Care, relationships and postgraduate students: no ‘one size fits all’.

Care, relationships and postgraduate students: no ‘one size fits all’.

Care, relationships and postgraduate students: no ‘one size fits all’.

Recently I tutored 16 postgraduate students; all working, all at different stages of their lives and with different responsibilities, one recovering from a serious illness, others in the midst of career changes – and it became clear to me as their tutor that making education all about people was paramount.

Whilst there was a mandatory curriculum taught at University, and a large percentage of self-study via a virtual campus, every one of these students was unique in the way they studied, in the way they understood the world, and in their personal circumstance.

It soon became clear that there was no ‘one size fits all’ and that each student needed individual consideration to support them through their Masters programme.

Whilst study methods play their part in a University degree, do we stop to consider how key the relationships are between tutor and student within the learning process? Do we support them as people who are richly diverse and unique, and whose learning needs, styles, and rhythms in life differ?

As a tutor it was deeply important to take time to get to know everyone, engaging with each student, and with the students as a group, so as to know how best to support each and every one of them equally – so that no one student was left out or left behind.

The beauty of this approach was how each student was then able to develop a focussed plan for their own studies going forward, realising where their own strengths were and what helped them to study best.

As these students progressed through their two-year part-time Masters programme, it was simple for me as a tutor to work with them with the understanding of who they are and how they each study. One may need encouragement, another may require confirmation they are on track, another may need a gentle steering when they get distracted, another may need a reminder of the timescales and pathway, and another may need more technical support, but whatever it is they are all equal, and in this tutor group they are treated as such – bringing out their strengths and honouring who they are.

With this as a foundation a playfulness and equality has developed amongst the group and they have been able to offer each other insightful feedback that has helped them on their pathway of study. Each one, in their own way, has blossomed in the realisation of what they bring to the group, recognising their own unique abilities.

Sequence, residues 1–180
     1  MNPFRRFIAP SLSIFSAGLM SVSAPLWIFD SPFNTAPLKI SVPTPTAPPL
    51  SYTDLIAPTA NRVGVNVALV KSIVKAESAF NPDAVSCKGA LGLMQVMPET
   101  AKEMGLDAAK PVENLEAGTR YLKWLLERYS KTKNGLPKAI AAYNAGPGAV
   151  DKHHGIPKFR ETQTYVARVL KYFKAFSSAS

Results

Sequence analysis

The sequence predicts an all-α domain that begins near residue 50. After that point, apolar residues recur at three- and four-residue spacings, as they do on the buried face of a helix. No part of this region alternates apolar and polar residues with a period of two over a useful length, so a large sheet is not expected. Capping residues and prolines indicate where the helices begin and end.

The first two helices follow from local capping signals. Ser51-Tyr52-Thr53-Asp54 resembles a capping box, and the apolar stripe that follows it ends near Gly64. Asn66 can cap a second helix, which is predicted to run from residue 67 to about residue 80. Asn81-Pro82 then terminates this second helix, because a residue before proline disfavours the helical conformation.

Education without relationships is cold and for the student it can be a lonely place. Competing for higher marks, students often are in constant comparison with other students and feel downbeat when they don’t achieve what their peers ‘achieve’.

On getting to know each of the students, it is deeply humbling to feel the gold they each are – with or without high marks and indeed, with or without the postgraduate study. What I have learned from this tutor group more than anything else, is that engaging fully with students and supporting a space amongst them for honest, open and real discussion is where the true learning takes place. Indeed, small miracles happen right in front of your eyes as a student realises how much they already know, and how much value they already are, as they have ‘light-bulb’ moments of deeper understanding of their subject, themselves and humanity.

Education is not just about systems, processes, structures, or linear pathways. Education is all about engaging people back to their innate, childlike wonderment, their natural hunger for learning, and supporting them to find their own way through the program in a way that honours who they are.

Education is all about care and relationships; it is fundamentally about people, and from this real learning can take place.

Real human connection and relationship form the foundation upon which students can not only learn and grow, but indeed flourish. And these, the relationships, form the ‘golden thread’ that runs through their study years, not just the achievement of academic results.


  • [i]

    Grove, Jack (2013). 8 percent drop in UK students entering postgraduate study. The Times. Retrieved 10th January,2014 from> </li>

  • [ii]

    Paton, Graham (2013). Students priced out of exclusive postgraduate courses. The Telegraph. Retrieved 15th June, 2014 from

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  • Photography: Clayton Lloyd